Adaptation is a tricky business. Nobody is ever happy with it. If you stick to the work you're adapting too closely (hello, Saint Seiya Hades: Meikai-hen--if you've read my review of those OVAs, you know I do agree that the adaptation was just inexistent), you're cursed for being an incompetent script writer without a single ounce of talent or creativity. If you stray too far, then you're accused of betraying the original work. It seems to me like a doomed job. Even more so, when adaptation is done by someone from a culture very different from yours, and whose view of your work you can't really know--and when the adaptation is done primarily for a people whose culture is deeply different too.

I think, what amazes me the most, is that people would write Mrs Le Guin to ask her questions about the movie. As she rightly says, she's not the movie's author, or the movie's script writer, or the one who did the adaptation. Bothering her with questions is futile, and, if she didn't receive the movie in a favorable light, can only lead to rubbing more salt on the wound.

Sunday, August 13, 2006

Three-Edged Sword

Reflecting back on the contents of TV series which have gained fame and have been watched by millions in the US, I can’t help but wonder: is the public simply blind, or do the authors overestimate its capacity to analyze what it sees and hears?

Take the X-Files, or Babylon 5 for instance. The contents of those shows, the material in there should have awoken people who watched them, should have made them aware of the society they live in, of the blanket of propaganda that is Georges W. Bush’s Administration main method of doing politics.

This is not only true for domains like the military and the “war on terror” flag raised every time the Republicans feel threatened—ever wondered at the timing and scale of chaos following the thwarting of that plot to blow up airliners over the Atlantic? Ever put that together with the coming election in November, and the difficult position the Republicans found themselves in until they so conveniently could get back to whipping that poor dead “war on terror” horse?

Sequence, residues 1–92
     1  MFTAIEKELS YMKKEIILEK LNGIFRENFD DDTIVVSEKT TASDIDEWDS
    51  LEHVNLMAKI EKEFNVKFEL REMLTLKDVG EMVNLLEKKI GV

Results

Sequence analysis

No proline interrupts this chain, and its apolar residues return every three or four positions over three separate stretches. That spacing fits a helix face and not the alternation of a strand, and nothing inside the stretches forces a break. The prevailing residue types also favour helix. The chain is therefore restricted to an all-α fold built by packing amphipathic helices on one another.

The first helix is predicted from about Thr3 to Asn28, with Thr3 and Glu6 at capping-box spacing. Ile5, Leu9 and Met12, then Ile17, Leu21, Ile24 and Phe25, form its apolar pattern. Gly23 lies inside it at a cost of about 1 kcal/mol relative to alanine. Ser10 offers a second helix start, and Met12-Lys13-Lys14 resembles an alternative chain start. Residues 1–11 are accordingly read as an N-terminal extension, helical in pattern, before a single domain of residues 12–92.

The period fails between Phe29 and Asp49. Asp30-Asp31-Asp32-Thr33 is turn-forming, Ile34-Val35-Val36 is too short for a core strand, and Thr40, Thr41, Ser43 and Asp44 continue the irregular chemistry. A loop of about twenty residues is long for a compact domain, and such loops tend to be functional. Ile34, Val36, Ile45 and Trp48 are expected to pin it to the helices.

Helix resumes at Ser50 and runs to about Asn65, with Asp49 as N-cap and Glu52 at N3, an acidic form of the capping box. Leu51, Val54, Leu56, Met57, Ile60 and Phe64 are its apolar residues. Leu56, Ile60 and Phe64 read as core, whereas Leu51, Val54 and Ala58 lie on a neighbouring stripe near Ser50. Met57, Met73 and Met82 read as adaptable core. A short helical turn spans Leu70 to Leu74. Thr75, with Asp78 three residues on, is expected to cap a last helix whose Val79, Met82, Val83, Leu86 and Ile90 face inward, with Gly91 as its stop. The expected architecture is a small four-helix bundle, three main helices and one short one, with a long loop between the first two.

It’s also true in domains like economy and the One Allowed Line of Thought that states that completely unfettered market economy is good for humanity, and that the market is good for all of us, and will benefit us all. It’s true when it comes to unravelling this despicable deception called “the American Dream.”

Oh yes, there’s all that in TV series, and more. Let me quote you one of the most disturbing exchanges in Babylon 5, taking place between John Sheridan, Captain of the station, and Julie Musante, official envoy from the Ministry of Peace on Earth:

JM -“Earth doesn't have homeless. We don't have the problem. Well, yes, there are some displaced people, here and there, but they've chosen to be in their position. They're either lazy or they're criminal or they're mentally unstable.”
JS - “They can't get a job.”
JM - “Earth-gov has promised a job to everyone that wants one. So, if someone doesn't have a job, they must not want one.”
JS - “Poverty?”
JM -“It's the same.”
JS - “Crime?”
JM -“Yes, there is some, but it's all caused by the mentally unstable. And we've just instituted correctional centers to filter them out at an early age.”
JS - “Prejudice?”
JM -“No, we are just one happy planet”

(JM: Julie Musante, JS: John Sheridan, from Babylon 5’s Voices of Authority)

Rings a bell? Ever heard those lines or much the same from politicians near you? From people thirsting after an easy victory in elections? From senators or congressmen trying to push for a new law to be voted?

And there is more, way more to find. Babylon 5’s Lines of Communications is an exercise in unravelling the tapestry of lies and propaganda spun by the likes of Fox News. Starting with so-called journalists claiming, ”Our job, as always, is simply to state the facts and let the truth attend to itself,” the episode is a brilliant demonstration of just how you nudge the facts this way and that, how you cut interviews just so and edit videos this way to get the “truth” you were aiming for.

The X-Files’s “Redux” shows us a stunning summary of the US governments’ actions in the last 60 years, which, while certainly pushed to suit the author’s scenario, ought to at least shake people, and make them wonder about what has been done in their name, about what the US government has been doing in the world since World War II.

There is much, much more where that came from.